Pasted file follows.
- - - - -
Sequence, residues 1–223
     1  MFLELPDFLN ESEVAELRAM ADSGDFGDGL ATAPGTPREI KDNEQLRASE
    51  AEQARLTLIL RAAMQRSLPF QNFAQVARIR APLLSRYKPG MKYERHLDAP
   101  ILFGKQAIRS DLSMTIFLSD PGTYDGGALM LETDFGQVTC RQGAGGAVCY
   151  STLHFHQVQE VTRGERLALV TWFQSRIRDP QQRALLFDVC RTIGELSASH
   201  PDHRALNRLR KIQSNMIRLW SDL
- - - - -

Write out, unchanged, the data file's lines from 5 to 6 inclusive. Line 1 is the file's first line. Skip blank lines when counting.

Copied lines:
   151  STLHFHQVQE VTRGERLALV TWFQSRIRDP QQRALLFDVC RTIGELSASH
   201  PDHRALNRLR KIQSNMIRLW SDL